Wednesday, April 30, 2008
What’s happening to food and how has law contributed to the shock? The Washington Post printed a readable primer on the complex topic this week; the report today concerns the massive increase in corn farming over the past few years, spurred in part by laws requiring the use of ethanol. These changes are having a profound effect on the grain belt. Acreage devoted to corn in Iowa, the biggest corn state, rose by more than a third over the past 20 years; in Kansas, traditionally a wheat state, corn acreage more than doubled over that time. Yesterday, the Post reported on the fall in wheat production, which raises the price of bread.
Meanwhile, Congress continues to debate an enormous farm bill, which will shape farm and rural land use for years to come. While high farm prices haven’t discouraged Congress from continuing a host of farm payment programs, there is an effort afoot to shift some of the payments away from farmers and toward consumers.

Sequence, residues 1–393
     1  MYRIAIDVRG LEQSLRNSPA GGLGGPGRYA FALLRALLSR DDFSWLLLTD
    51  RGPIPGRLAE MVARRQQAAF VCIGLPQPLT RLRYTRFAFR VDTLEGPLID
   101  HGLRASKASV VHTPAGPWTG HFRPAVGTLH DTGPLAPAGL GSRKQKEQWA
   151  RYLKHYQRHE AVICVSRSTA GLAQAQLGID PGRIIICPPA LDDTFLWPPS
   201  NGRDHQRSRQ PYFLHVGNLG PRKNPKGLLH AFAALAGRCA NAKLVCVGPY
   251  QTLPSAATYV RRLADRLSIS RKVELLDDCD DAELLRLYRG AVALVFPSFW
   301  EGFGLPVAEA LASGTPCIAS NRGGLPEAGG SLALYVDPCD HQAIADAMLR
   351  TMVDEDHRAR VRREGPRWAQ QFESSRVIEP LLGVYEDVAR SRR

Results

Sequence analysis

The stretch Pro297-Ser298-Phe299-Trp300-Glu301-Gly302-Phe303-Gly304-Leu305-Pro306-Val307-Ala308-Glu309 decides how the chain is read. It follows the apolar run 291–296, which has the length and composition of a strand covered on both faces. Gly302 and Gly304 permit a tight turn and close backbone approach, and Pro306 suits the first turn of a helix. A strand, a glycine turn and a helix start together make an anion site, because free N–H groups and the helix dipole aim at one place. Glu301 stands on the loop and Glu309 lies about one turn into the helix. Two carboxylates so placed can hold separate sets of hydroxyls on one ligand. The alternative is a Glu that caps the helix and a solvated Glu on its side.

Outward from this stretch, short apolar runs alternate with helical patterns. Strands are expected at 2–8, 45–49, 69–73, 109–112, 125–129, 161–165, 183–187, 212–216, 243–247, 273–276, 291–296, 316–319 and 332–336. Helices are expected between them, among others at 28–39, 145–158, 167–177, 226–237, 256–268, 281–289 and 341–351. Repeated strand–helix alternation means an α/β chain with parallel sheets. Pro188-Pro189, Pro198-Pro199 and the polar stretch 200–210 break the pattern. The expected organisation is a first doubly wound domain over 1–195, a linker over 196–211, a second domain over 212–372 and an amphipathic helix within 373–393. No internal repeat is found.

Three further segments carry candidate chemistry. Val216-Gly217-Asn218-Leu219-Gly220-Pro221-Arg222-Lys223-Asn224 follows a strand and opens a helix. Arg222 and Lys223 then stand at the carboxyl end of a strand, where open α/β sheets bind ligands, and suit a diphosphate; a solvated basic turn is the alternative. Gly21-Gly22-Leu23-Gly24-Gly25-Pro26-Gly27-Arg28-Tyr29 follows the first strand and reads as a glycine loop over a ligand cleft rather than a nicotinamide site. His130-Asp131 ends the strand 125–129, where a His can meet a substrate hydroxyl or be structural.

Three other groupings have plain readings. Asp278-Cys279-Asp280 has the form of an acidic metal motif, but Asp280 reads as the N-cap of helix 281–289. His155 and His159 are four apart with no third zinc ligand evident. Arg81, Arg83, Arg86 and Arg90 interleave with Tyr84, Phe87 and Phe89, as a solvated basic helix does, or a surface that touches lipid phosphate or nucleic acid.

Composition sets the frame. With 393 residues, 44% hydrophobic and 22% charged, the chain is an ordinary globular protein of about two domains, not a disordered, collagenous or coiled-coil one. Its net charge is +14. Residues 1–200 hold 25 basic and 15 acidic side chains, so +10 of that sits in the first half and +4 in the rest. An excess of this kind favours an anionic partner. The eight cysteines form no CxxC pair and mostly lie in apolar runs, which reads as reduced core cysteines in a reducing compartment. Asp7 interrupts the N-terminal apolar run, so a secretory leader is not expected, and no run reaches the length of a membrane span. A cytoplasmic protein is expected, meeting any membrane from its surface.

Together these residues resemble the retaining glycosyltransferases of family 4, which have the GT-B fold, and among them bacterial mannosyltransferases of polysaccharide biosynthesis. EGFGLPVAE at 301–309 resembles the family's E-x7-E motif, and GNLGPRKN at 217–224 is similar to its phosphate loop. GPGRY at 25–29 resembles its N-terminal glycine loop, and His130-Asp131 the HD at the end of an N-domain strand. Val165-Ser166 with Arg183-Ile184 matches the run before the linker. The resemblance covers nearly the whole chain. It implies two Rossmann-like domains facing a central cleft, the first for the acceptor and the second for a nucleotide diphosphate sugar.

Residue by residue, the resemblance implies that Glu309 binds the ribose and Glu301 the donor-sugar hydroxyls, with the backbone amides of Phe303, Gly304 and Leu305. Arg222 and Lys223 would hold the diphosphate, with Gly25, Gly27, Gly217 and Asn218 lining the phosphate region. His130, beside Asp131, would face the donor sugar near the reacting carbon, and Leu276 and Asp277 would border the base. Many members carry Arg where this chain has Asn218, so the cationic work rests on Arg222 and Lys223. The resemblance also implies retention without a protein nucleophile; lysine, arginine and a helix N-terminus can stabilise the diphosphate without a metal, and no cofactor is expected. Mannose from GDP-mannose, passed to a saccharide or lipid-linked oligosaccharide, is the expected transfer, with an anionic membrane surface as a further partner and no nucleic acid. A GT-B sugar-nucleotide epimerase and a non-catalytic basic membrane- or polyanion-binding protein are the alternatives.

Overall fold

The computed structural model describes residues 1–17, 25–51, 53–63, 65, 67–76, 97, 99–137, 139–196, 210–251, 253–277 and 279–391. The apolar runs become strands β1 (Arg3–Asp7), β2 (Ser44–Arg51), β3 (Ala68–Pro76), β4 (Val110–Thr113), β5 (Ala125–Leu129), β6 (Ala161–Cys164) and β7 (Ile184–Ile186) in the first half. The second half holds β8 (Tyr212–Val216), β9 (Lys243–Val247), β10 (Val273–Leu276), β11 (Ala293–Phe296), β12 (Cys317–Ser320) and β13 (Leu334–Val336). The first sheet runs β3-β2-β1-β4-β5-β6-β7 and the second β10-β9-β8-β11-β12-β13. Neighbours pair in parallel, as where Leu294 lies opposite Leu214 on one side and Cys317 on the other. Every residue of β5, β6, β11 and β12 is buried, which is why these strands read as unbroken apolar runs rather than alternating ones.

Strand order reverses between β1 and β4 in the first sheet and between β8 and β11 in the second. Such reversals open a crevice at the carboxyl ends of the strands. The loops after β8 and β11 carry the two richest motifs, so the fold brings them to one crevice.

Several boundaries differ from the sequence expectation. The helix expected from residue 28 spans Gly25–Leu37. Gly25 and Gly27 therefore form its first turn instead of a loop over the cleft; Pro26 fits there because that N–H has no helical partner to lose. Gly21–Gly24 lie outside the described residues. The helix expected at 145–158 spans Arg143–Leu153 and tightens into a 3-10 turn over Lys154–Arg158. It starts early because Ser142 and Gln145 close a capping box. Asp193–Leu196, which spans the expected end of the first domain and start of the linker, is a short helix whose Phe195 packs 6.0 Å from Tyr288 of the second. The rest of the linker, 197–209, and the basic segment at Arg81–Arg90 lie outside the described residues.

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- Katherine Dentzman on A Coordinated Approach to Food Safety and Land Use Law at the Urban Fringe
- Jesse Richardson on Local Regulation of Hydraulic Fracturing
- Jamie Baker Roskie on Local Regulation of Hydraulic Fracturing
- Samuel on Schleicher and Rauch on local regulation of the sharing economy
- Timothy Wayne George on Is Reed v. Town of Gilbert an important sign case?
- Water Down Under: A Report from Australia by Barb Cosens: Post 2: Comparative Water Law: Australia and the western United States or Conversations with Claire
- APA Planning & Law Division's Smith-Babcock-Williams Student Writing Competition now accepting entries
- Jan 30 - Boston U Law - The Iron Triangle of Food Policy - AJLM Symposium
- "Basic Human Right" to Farm Your Lawn?
- CFP: Fordham Law: Sharing Economy, Sharing City: Urban Law and the New Economy